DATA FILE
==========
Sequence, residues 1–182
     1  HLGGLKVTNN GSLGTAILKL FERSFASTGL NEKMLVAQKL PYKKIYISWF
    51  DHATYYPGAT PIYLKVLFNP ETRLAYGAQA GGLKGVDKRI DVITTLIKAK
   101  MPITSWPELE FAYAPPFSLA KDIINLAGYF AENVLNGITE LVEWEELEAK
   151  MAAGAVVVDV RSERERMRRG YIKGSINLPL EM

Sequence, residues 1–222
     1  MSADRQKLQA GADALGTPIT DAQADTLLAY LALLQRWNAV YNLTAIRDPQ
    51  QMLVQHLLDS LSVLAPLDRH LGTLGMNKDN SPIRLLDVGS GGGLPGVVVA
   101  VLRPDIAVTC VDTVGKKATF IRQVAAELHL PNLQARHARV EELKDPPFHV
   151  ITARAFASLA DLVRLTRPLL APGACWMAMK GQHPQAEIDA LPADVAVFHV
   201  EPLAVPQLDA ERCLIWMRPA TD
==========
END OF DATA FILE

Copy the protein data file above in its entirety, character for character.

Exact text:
Sequence, residues 1–182
     1  HLGGLKVTNN GSLGTAILKL FERSFASTGL NEKMLVAQKL PYKKIYISWF
    51  DHATYYPGAT PIYLKVLFNP ETRLAYGAQA GGLKGVDKRI DVITTLIKAK
   101  MPITSWPELE FAYAPPFSLA KDIINLAGYF AENVLNGITE LVEWEELEAK
   151  MAAGAVVVDV RSERERMRRG YIKGSINLPL EM

Sequence, residues 1–222
     1  MSADRQKLQA GADALGTPIT DAQADTLLAY LALLQRWNAV YNLTAIRDPQ
    51  QMLVQHLLDS LSVLAPLDRH LGTLGMNKDN SPIRLLDVGS GGGLPGVVVA
   101  VLRPDIAVTC VDTVGKKATF IRQVAAELHL PNLQARHARV EELKDPPFHV
   151  ITARAFASLA DLVRLTRPLL APGACWMAMK GQHPQAEIDA LPADVAVFHV
   201  EPLAVPQLDA ERCLIWMRPA TD